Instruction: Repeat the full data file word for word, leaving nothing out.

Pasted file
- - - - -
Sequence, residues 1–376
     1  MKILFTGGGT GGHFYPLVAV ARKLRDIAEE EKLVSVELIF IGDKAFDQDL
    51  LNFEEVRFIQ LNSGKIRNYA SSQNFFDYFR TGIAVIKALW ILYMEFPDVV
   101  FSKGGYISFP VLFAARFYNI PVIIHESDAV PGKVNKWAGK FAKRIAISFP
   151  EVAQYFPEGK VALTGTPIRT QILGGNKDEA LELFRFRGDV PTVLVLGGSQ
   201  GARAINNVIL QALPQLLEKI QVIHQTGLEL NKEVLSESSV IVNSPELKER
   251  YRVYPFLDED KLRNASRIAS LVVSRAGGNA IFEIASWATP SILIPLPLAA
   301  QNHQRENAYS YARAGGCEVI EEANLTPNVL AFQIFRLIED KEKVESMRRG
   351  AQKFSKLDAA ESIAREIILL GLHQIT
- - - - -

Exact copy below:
Sequence, residues 1–376
     1  MKILFTGGGT GGHFYPLVAV ARKLRDIAEE EKLVSVELIF IGDKAFDQDL
    51  LNFEEVRFIQ LNSGKIRNYA SSQNFFDYFR TGIAVIKALW ILYMEFPDVV
   101  FSKGGYISFP VLFAARFYNI PVIIHESDAV PGKVNKWAGK FAKRIAISFP
   151  EVAQYFPEGK VALTGTPIRT QILGGNKDEA LELFRFRGDV PTVLVLGGSQ
   201  GARAINNVIL QALPQLLEKI QVIHQTGLEL NKEVLSESSV IVNSPELKER
   251  YRVYPFLDED KLRNASRIAS LVVSRAGGNA IFEIASWATP SILIPLPLAA
   301  QNHQRENAYS YARAGGCEVI EEANLTPNVL AFQIFRLIED KEKVESMRRG
   351  AQKFSKLDAA ESIAREIILL GLHQIT